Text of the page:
I’m 6-foot-6 and intimidating. I don’t have a natural smile. So, I had to work on smiling more and bringing extra toys. I didn’t talk about sports with moms. I would ask where they got the nice outfit their son was wearing, because I may want to get one for my son. Or I would complement a daughter’s eyes and mention that she got them from her mother. Things that men aren’t comfortable talking about.
Another tip is to be patient with your wife. There are many issues that working moms need to deal with. I tell dads to be sympathetic with their wives and try to understand what she’s going through when she has a large workload and doesn’t seem to be doing anything at home.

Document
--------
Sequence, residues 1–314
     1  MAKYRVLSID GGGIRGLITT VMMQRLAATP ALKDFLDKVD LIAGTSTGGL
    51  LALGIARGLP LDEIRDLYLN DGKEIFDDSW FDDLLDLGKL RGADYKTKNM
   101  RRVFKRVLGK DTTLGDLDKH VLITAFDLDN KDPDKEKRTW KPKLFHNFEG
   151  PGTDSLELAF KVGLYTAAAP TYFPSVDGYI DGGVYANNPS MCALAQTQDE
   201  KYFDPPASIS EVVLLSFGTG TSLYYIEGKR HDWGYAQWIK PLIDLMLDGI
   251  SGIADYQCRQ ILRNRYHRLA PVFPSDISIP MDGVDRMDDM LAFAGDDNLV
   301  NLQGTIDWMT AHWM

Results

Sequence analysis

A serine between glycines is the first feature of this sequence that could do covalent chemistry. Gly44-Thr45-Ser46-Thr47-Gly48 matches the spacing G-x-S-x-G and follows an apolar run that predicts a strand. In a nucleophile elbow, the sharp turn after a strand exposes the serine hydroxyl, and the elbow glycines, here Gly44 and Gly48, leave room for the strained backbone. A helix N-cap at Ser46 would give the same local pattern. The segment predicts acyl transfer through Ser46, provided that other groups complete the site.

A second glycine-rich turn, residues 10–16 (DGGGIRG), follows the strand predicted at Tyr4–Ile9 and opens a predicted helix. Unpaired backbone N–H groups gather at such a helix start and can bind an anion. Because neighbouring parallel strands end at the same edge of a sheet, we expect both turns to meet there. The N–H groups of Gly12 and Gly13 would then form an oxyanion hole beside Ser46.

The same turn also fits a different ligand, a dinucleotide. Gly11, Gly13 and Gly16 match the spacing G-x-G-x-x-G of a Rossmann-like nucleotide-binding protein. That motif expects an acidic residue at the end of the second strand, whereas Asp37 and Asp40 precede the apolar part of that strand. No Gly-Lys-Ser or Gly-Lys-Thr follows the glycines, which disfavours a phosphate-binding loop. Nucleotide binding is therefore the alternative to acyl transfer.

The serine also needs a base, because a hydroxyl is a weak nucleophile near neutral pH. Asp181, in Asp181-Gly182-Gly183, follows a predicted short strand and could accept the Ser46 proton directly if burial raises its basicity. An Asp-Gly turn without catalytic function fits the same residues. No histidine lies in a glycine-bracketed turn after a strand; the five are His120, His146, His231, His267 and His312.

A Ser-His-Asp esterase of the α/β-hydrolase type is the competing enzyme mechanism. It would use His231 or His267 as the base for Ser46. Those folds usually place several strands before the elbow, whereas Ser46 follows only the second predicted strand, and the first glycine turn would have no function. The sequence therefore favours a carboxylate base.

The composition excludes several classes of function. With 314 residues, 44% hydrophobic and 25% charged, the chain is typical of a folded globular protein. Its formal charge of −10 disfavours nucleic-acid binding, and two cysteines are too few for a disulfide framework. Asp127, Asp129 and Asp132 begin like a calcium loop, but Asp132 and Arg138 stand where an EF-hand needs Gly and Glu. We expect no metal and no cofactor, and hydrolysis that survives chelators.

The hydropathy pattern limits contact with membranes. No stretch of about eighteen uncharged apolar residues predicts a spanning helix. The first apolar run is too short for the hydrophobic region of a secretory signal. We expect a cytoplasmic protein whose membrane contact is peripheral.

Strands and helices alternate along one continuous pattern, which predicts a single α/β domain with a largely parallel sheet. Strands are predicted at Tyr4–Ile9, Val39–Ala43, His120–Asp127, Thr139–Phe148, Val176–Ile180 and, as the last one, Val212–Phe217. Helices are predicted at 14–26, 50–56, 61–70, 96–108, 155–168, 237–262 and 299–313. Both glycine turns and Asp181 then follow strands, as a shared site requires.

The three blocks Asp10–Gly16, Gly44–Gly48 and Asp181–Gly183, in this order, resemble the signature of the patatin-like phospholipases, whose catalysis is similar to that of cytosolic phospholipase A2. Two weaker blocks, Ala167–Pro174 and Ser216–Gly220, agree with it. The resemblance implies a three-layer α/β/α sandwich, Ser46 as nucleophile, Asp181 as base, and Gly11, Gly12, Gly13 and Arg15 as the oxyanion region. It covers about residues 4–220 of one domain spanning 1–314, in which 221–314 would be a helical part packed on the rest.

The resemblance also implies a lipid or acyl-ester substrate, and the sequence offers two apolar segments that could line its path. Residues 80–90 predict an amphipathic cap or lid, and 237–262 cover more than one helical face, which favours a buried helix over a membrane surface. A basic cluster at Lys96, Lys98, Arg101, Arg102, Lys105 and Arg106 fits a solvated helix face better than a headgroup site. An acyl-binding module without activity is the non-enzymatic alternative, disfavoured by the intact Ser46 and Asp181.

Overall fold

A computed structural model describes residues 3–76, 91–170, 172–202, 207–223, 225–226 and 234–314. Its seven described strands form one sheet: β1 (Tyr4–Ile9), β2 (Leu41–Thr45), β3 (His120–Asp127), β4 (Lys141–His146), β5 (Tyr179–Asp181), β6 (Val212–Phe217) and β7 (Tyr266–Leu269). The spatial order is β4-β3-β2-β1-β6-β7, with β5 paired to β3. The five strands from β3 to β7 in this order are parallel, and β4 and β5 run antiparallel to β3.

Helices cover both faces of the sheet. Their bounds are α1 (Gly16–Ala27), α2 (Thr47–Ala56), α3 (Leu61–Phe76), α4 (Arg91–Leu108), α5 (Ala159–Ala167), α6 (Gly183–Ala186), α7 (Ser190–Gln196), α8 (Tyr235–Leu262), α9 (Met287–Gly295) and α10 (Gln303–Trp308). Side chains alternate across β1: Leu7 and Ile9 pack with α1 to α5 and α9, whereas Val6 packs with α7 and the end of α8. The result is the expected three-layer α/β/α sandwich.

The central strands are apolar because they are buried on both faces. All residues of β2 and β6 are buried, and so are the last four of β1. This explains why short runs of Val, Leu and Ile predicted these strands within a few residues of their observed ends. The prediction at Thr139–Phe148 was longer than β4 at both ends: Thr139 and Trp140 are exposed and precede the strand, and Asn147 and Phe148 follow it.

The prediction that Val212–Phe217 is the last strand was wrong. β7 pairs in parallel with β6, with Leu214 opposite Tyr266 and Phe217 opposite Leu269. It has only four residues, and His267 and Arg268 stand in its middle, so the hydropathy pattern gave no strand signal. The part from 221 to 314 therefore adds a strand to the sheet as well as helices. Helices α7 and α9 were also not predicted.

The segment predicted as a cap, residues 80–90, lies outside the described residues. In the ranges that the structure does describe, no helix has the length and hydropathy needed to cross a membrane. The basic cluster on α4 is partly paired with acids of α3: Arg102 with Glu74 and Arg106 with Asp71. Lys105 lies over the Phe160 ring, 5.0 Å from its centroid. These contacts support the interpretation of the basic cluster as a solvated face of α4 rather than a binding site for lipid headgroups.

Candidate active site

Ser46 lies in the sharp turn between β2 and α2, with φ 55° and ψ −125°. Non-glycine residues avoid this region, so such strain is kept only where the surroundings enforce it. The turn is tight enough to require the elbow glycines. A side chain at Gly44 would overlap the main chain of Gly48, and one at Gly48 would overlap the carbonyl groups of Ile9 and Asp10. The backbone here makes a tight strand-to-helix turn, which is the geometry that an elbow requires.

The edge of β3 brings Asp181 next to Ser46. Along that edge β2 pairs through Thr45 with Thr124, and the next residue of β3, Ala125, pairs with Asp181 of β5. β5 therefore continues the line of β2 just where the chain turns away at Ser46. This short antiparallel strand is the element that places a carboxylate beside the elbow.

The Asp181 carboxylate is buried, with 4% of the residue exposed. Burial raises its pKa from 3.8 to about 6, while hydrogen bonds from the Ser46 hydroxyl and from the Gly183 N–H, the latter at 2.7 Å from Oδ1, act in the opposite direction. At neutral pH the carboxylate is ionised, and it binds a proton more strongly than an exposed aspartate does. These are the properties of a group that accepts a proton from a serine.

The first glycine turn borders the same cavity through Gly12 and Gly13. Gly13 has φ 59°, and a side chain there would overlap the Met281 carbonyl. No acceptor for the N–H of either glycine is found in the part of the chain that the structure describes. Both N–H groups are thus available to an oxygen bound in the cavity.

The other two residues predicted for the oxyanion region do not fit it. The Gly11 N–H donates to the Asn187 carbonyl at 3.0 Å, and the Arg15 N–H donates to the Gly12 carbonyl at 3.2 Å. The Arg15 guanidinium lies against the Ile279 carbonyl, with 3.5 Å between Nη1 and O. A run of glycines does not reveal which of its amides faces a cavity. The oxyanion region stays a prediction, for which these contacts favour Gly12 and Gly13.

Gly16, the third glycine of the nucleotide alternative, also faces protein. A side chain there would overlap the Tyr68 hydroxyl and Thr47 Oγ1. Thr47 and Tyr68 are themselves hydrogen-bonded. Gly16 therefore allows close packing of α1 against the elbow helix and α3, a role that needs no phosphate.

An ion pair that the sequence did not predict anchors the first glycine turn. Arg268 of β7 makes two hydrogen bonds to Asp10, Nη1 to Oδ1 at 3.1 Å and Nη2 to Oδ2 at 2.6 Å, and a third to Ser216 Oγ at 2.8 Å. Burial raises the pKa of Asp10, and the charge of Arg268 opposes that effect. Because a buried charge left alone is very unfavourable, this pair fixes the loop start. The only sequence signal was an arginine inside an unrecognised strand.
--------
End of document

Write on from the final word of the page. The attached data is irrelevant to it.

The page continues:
Many dads ask me what they can do to help their wives feel more comfortable coming home. I ask them what the first thing their wives see when they come into the house. I tell them to make sure the first place she enters is clean. The rest of the house can be a bit messy. As she comes home, she needs transition time and when she’s happy when she enters the house, she’ll tend to overlook the other stuff.
As a dad, what do you do to maintain balance in your life?
I make sure that I have me-time. And I say the same thing to my wife. She needs her own “me-time”. You can’t balance your life unless you have energy. However, both sides feel that guilt when they want to take “me-time.” That’s just ridiculous. It goes back to that oxygen mask in airplanes. Put your own oxygen mask on first before you apply your kid’s mask.